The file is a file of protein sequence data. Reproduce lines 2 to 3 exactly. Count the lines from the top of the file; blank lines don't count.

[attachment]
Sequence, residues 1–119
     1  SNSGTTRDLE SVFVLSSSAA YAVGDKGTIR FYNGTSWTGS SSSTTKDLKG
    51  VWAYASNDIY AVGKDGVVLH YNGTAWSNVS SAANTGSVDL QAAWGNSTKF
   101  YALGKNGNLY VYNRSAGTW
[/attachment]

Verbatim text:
     1  SNSGTTRDLE SVFVLSSSAA YAVGDKGTIR FYNGTSWTGS SSSTTKDLKG
    51  VWAYASNDIY AVGKDGVVLH YNGTAWSNVS SAANTGSVDL QAAWGNSTKF